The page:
**Authors**: P. Ajith, S. Babak, Y. Chen, M. Hewitson, B. Krishnan, J. T. Whelan, B. Bruegmann, P. Diener, J. Gonzalez, M. Hannam, S. Husa, M. Koppitz, D. Pollney, L. Rezzolla, L. Santamaria, A. M. Sintes, U. Sperhake, J. Thornburg

**Date**: 30 Apr 2007

**Abstract**: Recent progress in numerical relativity has enabled us to model the non-perturbative merger phase of the binary black-hole coalescence problem. Based on these results, we propose a phenomenological family of waveforms which can model the inspiral, merger, and ring-down stages of black hole coalescence. We also construct a template bank using this family of waveforms and discuss its implementation in the search for signatures of gravitational waves produced by black-hole coalescences in the data of ground-based interferometers. This template bank might enable us to extend the present inspiral searches to higher-mass binary black-hole systems, i.e., systems with total mass greater than about 80 solar masses, thereby increasing the reach of the current generation of ground-based detectors.

0704.3764
(/preprints)

2007-04-30, 18:00
**[edit]**

**Authors**: Laszlo Gergely, Peter L. Biermann

**Date**: 16 Apr 2007

**Abstract**: Massive merging black holes will be the primary sources of powerful gravitational waves at low frequency, and will permit to test General Relativity if we identify candidate galaxies that are close to a binary black hole merger. In this paper we show that for a typical range of mass ratios of the two black holes the final stage of the merger is preceded by a rapid precession and a subsequent spin-flip of the main black hole. The latter already occurs in the inspiral phase, thus can be treated analytically by post-Newtonian techniques. We also show that the distance when gravitational radiation becomes the dominant dissipative effect (over dynamical friction) does not depend on this mass ratio. We then identify the radio galaxies with a super-disk as those in which the rapidly precessing jet produces effectively a powerful wind, which entrains the environmental gas to produce the appearance of a thick disk. These specific galaxies are thus candidates for a merger of two black holes to happen in the astronomically near future, and further observations and theoretical work may be capable of identifying which one is likely to be the next to merge, and how soon.

0704.1968
(/preprints)

2007-04-30, 13:45
**[edit]**

**Authors**: R. O'Shaughnessy (1), C. Kim (2)V. Kalogera (1), K. Belczynski (3) ((1) Northwestern University, (2) Cornell university, (3) New Mexico State University)

**Date**: 3 Oct 2006

**Abstract**: The observed samples of supernovae (SN) and double compact objects (DCOs) provide several critical constraints on population-synthesis models: the parameters of these models must be carefully chosen to reproduce, among other factors, (i) the formation rates of double neutron star (NS-NS) binaries and of white dwarf-neutron star (WD-NS) binaries, estimated from binary samples, and (ii) the type II and Ib/c supernova rates. Even allowing for extremely conservative accounting of the uncertainties in observational and theoretical predictions, we find only a few plausible population synthesis models

(roughly 9%) are consistent with DCO and SN rates empirically determined from observations. As a proof of concept, we describe the information that can be extracted about population synthesis models given such stringent observational tests, including surprisingly good agreement with the neutron star kick distributions inferred from pulsar proper-motion measurements. In the present study, we find that the current observational constraints favor: kicks described by a single Maxwellian with a typical velocity of about 300km/s; mass-loss fractions during non-conservative, but stable, mass transfer episodes of about 90%; and common envelope parameters of about 0.2-0.5. Finally, we use the subset of astrophysically consistent models to predict the rates at which black hole-neutron star (BH-NS) and NS-NS binaries merge in the Milky Way and the nearby Universe, assuming Milky-Way-like galaxies dominate. (Abridged)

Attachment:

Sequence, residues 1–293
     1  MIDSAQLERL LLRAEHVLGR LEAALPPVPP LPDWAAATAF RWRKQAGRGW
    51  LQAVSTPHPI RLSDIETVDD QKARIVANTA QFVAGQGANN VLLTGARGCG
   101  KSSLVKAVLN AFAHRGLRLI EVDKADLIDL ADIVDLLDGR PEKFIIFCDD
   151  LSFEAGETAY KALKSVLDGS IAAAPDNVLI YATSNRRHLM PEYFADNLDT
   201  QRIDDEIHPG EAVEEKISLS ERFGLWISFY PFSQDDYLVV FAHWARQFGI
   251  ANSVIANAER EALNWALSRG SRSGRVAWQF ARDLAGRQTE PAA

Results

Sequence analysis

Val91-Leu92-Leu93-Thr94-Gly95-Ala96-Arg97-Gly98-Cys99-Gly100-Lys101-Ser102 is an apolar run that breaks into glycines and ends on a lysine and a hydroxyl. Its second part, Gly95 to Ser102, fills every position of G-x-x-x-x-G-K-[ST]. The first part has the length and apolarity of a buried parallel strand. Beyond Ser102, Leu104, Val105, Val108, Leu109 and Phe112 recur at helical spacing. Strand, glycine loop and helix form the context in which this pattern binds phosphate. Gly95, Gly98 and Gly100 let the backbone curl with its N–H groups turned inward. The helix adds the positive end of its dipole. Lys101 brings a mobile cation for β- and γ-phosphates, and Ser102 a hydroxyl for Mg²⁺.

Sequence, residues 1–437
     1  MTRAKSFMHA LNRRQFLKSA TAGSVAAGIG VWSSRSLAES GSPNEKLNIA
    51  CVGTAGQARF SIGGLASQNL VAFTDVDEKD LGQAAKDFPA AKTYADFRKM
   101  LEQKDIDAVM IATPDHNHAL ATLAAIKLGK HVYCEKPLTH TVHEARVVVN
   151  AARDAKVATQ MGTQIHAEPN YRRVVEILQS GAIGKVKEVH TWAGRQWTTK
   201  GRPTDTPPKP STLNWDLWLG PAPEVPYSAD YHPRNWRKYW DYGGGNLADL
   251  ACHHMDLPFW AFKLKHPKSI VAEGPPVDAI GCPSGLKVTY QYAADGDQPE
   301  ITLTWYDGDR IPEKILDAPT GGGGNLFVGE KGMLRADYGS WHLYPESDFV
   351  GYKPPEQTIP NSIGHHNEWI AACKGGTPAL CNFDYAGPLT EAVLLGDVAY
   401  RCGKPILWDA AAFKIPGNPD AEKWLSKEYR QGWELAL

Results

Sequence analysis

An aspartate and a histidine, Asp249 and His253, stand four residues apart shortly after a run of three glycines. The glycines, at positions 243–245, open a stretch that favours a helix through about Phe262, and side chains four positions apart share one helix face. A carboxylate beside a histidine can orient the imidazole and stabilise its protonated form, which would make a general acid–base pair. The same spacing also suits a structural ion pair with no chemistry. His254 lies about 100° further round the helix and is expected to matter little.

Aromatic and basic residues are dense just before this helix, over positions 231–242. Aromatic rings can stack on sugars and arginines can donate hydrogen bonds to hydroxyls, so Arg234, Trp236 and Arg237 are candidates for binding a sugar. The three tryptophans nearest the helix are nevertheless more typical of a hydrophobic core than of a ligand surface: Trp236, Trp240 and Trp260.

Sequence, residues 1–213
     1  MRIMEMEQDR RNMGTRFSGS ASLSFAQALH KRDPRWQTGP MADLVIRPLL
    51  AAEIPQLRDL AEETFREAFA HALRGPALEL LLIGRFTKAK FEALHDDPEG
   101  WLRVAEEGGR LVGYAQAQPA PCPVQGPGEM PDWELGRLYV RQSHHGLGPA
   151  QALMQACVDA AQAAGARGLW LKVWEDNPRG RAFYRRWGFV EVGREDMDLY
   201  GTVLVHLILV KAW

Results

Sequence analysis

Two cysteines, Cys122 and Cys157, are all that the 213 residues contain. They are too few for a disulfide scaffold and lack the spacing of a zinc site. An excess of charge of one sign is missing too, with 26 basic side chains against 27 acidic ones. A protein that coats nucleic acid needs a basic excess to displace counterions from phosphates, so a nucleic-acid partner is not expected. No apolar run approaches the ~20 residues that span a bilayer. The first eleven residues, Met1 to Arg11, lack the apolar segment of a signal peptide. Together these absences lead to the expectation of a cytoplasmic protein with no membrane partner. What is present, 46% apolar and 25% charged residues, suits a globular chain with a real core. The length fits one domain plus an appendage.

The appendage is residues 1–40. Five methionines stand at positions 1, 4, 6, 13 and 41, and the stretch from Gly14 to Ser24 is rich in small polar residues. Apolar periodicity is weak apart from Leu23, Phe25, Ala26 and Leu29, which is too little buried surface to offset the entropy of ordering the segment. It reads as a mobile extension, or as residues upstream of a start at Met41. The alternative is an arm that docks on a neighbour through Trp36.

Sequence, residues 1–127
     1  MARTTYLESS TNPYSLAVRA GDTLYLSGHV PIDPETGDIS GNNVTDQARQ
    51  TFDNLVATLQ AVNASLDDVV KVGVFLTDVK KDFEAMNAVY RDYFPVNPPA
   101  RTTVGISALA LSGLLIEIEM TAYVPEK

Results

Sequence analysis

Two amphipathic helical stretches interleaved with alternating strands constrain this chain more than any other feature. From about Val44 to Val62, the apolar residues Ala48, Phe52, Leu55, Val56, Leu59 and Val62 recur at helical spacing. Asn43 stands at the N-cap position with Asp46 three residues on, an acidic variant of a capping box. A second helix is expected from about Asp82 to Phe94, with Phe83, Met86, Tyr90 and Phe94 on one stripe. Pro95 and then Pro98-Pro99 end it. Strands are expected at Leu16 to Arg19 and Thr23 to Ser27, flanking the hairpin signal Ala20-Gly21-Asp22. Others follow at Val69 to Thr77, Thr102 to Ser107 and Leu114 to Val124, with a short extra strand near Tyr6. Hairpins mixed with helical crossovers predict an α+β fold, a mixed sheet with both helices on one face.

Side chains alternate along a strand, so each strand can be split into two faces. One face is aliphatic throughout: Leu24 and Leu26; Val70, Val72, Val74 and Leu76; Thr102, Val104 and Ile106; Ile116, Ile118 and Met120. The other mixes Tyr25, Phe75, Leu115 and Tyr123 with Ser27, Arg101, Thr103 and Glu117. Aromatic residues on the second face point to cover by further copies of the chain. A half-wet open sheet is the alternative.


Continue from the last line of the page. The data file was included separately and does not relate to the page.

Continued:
0610076
(/preprints/astro-ph)

2007-04-30, 13:44
**[edit]**

**Authors**: Thibault Damour, Alessandro Nagar

**Date**: 26 Apr 2007

**Abstract**: We update the analytical estimate of the final spin of a coalescing black-hole binary derived within the Effective-One-Body (EOB) approach. We consider unequal-mass non-spinning black-hole binaries. It is found that a more complete account of relevant physical effects (higher post-Newtonian accuracy, ringdown losses) allows the {\it analytical} EOB estimate to ‘converge towards’ the recently obtained {\it numerical} results within 2%. This agreement illustrates the ability of the EOB approach to capture the essential physics of coalescing black-hole binaries. Our analytical approach allows one to estimate the final spin of the black hole formed by coalescing binaries in a mass range ($\nu=m_1m_2/(m_1+m_2)ˆ2 < 0.16 $) which is not presently covered by numerical simulations.

0704.3550
(/preprints)

2007-04-27, 08:54
**[edit]**

**Authors**: Ignazio Ciufolini

**Date**: 25 Apr 2007

**Abstract**: We discuss here the measurement of gravitomagnetism and frame dragging with Lunar Laser Ranging, LAGEOS and LARES Satellites and Gravity Probe B.

0704.3338
(/preprints)

2007-04-25, 19:05
**[edit]**

**Authors**: LIGO Scientific Collaboration: B. Abbott, et al

**Date**: 25 Apr 2007

**Abstract**: We report on a search for gravitational waves from the coalescence of compact binaries during the third and fourth LIGO science runs. The search focused on gravitational waves generated during the inspiral phase of the binary evolution. In our analysis, we considered three categories of compact binary systems, ordered by mass: (i) primordial black hole binaries with masses in the range 0.35 M(sun) < m1, m2 < 1.0 M(sun), (ii) binary neutron stars with masses in the range 1.0 M(sun) < m1, m2 < 3.0 M(sun), and (iii) binary black holes with masses in the range 3.0 M(sun)< m1, m2 < m_(max) with the additional constraint m1+ m2 < m_(max), where m_(max) was set to 40.0 M(sun) and 80.0 M(sun) in the third and fourth science runs, respectively. Although the detectors could probe to distances as far as tens of Mpc, no gravitational-wave signals were identified in the 1364 hours of data we analyzed. Assuming a binary population with a Gaussian distribution around 0.75-0.75 M(sun), 1.4-1.4 M(sun), and 5.0-5.0 M(sun), we derived 90%-confidence upper limit rates of 4.9 yrˆ(-1) L10ˆ(-1) for primordial black hole binaries, 1.2 yrˆ(-1) L10ˆ(-1) for binary neutron stars, and 0.5 yrˆ(-1) L10ˆ(-1) for stellar mass binary black holes, where L10 is 10ˆ(10) times the blue light luminosity of the Sun.